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Tangible vs. Intangible
First, take a look at our balance sheet example in our Media Gallery. On this balance sheet example, you’ll see many types of assets including current, fixed, and other or intangible assets. All of these assets, including your various types of fixed assets comprise your total assets, but what makes them different?
Most business owners already know that current assets include things like cash and accounts receivable, or assets that can be readily turned into cash if needed.
The various types of fixed assets are a little different, however. Fixed assets can be tangible or intangible such as:
- Tangible Assets – These include things such as land, buildings, equipment, leaseholds on equipment, vehicles, signs, and furniture and fixtures.
- Intangible Assets – These can include goodwill, patents, registered or trademarked names, and even telephone numbers, intellectual property, and websites if you ever plan on selling your business.
It’s easier to place a value on and depreciate tangible fixed assets versus intangible fixed assets.
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Fixed Asset Valuing
Think of your tangible assets as items you need to run your business. To value them, you start with what you purchased or leased them for and then apply the appropriate depreciation methods to decrease their value. Some fixed assets such as land or buildings may actually appreciate and not depreciate.
With intangible fixed assets such as telephone numbers and patented or trademarked items, it’s a little tougher to determine value. Goodwill is an intangible asset and this type of fixed asset is easier to place a value on because it’s basically the difference between what a business is valued at and what price it is sold or purchased for.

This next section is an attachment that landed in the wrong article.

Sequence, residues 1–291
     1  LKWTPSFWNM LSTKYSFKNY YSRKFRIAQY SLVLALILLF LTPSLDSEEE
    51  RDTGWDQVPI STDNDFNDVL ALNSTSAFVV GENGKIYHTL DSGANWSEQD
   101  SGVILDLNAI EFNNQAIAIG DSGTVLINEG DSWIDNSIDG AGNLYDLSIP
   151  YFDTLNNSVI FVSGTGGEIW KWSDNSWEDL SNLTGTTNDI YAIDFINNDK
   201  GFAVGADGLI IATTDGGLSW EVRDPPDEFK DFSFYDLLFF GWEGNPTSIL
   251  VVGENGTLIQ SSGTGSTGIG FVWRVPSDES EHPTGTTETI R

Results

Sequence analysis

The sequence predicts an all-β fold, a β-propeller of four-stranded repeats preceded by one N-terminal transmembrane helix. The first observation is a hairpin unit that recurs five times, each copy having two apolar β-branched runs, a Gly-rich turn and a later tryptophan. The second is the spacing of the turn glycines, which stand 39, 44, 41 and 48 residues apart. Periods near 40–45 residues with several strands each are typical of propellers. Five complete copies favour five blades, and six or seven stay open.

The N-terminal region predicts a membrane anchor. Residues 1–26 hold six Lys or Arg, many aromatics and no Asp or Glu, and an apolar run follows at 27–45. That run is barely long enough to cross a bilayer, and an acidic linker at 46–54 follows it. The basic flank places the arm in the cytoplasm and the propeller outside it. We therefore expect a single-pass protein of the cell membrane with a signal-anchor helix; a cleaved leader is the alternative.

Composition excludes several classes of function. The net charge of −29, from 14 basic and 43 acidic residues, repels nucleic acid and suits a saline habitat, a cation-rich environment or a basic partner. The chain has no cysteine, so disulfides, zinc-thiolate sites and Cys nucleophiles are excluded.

Other intangible assets such as intellectual property, trademarked names, and even websites and telephone numbers are not so easily valued.
For example, I owned a Chrysler-Dodge-Jeep franchise that bore my name, Scheid Motor Company. Because it had been an existing business for quite some time in the small town where I live, when it was sold, the new owner not only purchased the business, but also the intangible asset of my company name. The reason? For the new owner, it made more sense to stick with a well-established business name rather than confusing new and existing customers with a new business name. So how did I value this intangible asset?
Accounting and business experts will tell you that you can use a market value estimate, a cost estimate or put a value on what it would cost for the purchaser of the intangible asset to replace it. While none of these formulas really are scientific in nature, especially when negotiating the price of an intangible asset, often if falls to the purchaser to determine what they are willing to pay for the intangible asset and what you are willing to accept. Only then can you place a real value on an intangible asset.
Other than goodwill, when it comes to the types of fixed assets, especially intangible assets, they may never actually appear on your balance sheet but do indeed have value.
In the case of selling the intangible asset of my business name, I took the current value of the signage of my business and multiplied it by the number of years I was in business and offered that price to the purchaser who was more than willing to include that price in the total buy/sell of the business rather than incurring the expense it would cost to establish an entire new identity for his business.
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Tutor2U (7/15/10) http://tutor2u.net/business/accounts/assets_fixedassets_intro.asp
- Great Southern Group Assets (http://commons.wikimedia.org/wiki/File:Great_Southern_Group_assets_1999-2008.jpg)
- US Assets (http://commons.wikimedia.org/wiki/File:US-assets.jpg)